“I was kissed by Eddie Van Halen back stage in the 80’s, on the lips, a few times. He was tipsy and happy and took a selfie of us before seflies were selfies, and I’ve actually had friends on the Left tell me I should my story publicly. And they say I am ENABLING THIS BEHAVIOR by not going forward”

Commenting, Still Spartan said in part, “What you described is NOT “Me Too.” Just because some people take it too far, does not mean that it is not legitimate. Please take it from someone who had to leave a job and have her career derailed for multiple years because of this crap. It happens, and it happens every damn day.” Continue reading


Filed under Comment of the Day, Environment, Ethics Train Wrecks, Gender and Sex, Government & Politics, History, Journalism & Media

Comment Of The Day: “NOW Monica Lewinsky Says She Was Abused And Sexually Harassed”

[I’m in an Atlanta hotel, waiting for breakfast and needing to re-arrange my notes for a legal ethics and technology seminar later this morning. No time before the knock on the door to get the Warm-up going, but at least I can add one of the several Comments of the Day stuck on the runway, just like my plane was last night in D.C….]

Carcarwhite takes another step in our ongoing exploration of the confusing “it’s sexual harassment if the woman doesn’t like the unrequested sexual advance, it’s not if she does,but if she changes her mind over tbe next several decades or so she can rewrite history and maybe wreck a career or reputation” standard that has been on vivid display since the unveiling of The Harvey Weinstein Ethics Train Wreck.

Here is her Comment of the Day on the post, NOW Monica Lewinsky Says She Was Abused And Sexually Harassed:

I’m horrified at many of my gender who are crying for equal rights and then act like little whiny babies.

We want equality but we can’t pay 15 a month for our own birth control. We want equal this and equal that then we use (some of us) the flavor of the week to plead our victim case. Hurting our fellow citizens male and female because of this.

I was kissed by Eddie Van Halen back stage in the 80’s, on the lips, a few times. He was tipsy and happy and took a selfie of us before seflies were selfies, and I’ve actually had friends on the Left tell me I should my story publicly.  And they say I am ENABLING THIS BEHAVIOR by not going forward! This is laughable. Continue reading


Filed under Comment of the Day, Ethics Train Wrecks, Etiquette and manners, Gender and Sex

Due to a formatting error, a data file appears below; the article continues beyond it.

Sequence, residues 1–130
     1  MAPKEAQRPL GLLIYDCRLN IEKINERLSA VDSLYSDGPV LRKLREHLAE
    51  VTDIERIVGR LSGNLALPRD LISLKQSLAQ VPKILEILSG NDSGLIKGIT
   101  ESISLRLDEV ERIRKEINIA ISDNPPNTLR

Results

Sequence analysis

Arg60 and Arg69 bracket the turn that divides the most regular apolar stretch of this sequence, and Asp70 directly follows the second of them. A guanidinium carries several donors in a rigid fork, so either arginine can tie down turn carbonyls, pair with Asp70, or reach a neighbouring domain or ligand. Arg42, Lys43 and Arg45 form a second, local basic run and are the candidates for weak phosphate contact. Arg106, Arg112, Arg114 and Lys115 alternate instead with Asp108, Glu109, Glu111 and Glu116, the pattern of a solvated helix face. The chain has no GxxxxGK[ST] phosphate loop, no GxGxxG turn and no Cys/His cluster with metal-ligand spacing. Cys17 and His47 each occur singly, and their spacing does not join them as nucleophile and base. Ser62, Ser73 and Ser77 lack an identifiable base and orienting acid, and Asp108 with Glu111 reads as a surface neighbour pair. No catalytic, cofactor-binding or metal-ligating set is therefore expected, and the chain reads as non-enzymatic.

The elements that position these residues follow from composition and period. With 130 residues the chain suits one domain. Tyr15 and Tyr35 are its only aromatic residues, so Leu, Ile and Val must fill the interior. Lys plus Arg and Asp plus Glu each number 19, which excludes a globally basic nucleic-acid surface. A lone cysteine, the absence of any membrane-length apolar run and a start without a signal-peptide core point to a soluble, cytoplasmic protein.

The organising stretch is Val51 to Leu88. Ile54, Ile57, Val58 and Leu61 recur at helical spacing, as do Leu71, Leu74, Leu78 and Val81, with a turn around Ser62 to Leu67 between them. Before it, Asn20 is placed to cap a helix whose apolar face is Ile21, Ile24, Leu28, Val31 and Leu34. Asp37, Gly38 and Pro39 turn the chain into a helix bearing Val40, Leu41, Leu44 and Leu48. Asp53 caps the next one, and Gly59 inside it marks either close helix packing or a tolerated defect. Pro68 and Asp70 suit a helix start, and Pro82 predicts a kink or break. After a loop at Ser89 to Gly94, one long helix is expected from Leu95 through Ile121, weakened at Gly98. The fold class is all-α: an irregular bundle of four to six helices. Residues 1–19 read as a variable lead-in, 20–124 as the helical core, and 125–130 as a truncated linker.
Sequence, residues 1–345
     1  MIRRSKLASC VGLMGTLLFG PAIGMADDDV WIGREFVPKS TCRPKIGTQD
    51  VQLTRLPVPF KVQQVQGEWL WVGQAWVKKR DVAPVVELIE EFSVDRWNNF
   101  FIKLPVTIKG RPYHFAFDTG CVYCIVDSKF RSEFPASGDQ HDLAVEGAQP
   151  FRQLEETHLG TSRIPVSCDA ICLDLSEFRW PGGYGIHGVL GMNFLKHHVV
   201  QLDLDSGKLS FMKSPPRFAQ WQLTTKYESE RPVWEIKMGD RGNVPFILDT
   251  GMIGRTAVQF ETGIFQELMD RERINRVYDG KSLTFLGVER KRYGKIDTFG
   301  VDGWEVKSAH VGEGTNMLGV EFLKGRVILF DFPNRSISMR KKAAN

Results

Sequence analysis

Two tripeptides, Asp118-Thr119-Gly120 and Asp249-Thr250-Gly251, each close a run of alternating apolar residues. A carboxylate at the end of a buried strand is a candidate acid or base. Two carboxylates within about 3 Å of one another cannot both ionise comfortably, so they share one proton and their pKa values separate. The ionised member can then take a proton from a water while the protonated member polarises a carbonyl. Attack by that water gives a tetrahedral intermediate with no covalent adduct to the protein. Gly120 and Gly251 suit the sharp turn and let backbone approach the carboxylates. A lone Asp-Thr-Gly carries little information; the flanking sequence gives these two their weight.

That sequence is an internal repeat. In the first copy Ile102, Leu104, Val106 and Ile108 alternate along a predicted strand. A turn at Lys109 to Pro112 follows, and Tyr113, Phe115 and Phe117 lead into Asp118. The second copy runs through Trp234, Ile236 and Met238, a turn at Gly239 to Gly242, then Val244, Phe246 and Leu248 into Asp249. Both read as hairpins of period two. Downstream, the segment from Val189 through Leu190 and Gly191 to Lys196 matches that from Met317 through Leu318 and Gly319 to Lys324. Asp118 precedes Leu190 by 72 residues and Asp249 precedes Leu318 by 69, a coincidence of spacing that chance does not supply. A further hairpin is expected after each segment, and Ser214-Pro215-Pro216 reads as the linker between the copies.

NOW Monica Lewinsky Says She Was Abused And Sexually Harassed


I called it!

Remember in December when I had this exchange on NPR during a panel about sexual harassment and political figures in the early states of #MeToo?

ME : A hostile work environment means that the recipient of this has to feel hostility. They don’t like it. So, for example, if somebody – I have a hypothetical that I’m sure has happened, where someone is grabbed by Donald Trump back when he’s a celebrity, and she comes home. And she’s kissed, and she tells her roommate, “That was cool! Donald Trump kissed me.” And then when everybody she knows detests Donald Trump, she suddenly says …”I was harassed.”


HOST MICHEL MARTIN: OK. Yeah, I think we’re going to go to a different…All right. All right, Jack, you’ve had your say on that. And I think there are a lot of people who would want to argue with – I’m going to let Paul speak his piece on this. What do you say to that?

But the professor didn’t go beyond his interjected cheap shot, and went on to his own agenda, leaving the impression that my exposition on the strangeness of sexual harassment law was off-the-wall. It wasn’t, though. I was 100% correct, and NPR listeners, thanks to a grandstanding law professor whom I suspect wasn’t up on sexual harassment (he’s a criminal law professor who concentrates on race issues), were left less-informed than when they tuned in.

My point was and is valid: nothing stops an object of sexual attention in questionable propriety and taste from treating it as welcome at the time, then choosing, months, years or decades later, when there are non-ethical motivations to vilify or harm her one-time suitor, to withdraw her consent and “welcome,” and claim, retroactively, that she was harassed and abused.

This is exactly what Monica Lewinsky has done. Continue reading


Filed under Ethics Train Wrecks, Gender and Sex, Government & Politics, Journalism & Media, Law & Law Enforcement

Afternoon Ethics Cool-Down, 2/28/18: Honors, Bribes, Blackmail, And “Ugh!”

Good Afternoon.

Actually, that’s dishonest: it’s been a terrible day, morn to now.. A catalogue retailer took an email address my wife sent them a year ago and  bombarded her account with hundreds of promotional messages yesterday, crashing her email. Then her efforts to fix the problem resulted in a Proethics system email crash that I have been trying to address for the past five hours. I finally decided to get something productive done, so I’m getting up this post while talking to my tech people. UPDATE: They just gave up.

1 Trump Tweets. Ugh. The President criticizing his own Cabinet member, in this case Jeff Sessions, in public via tweet, is horrific leadership and management practice. If I were Sessions, I would resign, It is disrespectful, disloyal, undermines morale on the President’s team, and is just plain stupid. I don’t understand how Trump had any success at all treating employees and subordinates like this. While we’re on this perpetual subject. the fact that the President would say out loud that he would have rushed the Parkland shooter without a weapon is just more evidence of a) a flat learning curve b) the lack of the usual filters from brain to mouth and c) the unethical tendency of third parties to critique the actions of others in rescue situations. No question: the resource officer who was required by policy, assignment and duty to try to intervene in the shooting deserves all the criticism he has been getting, and is accountable. But the President of the United States announcing that he is Batman is something else entirely.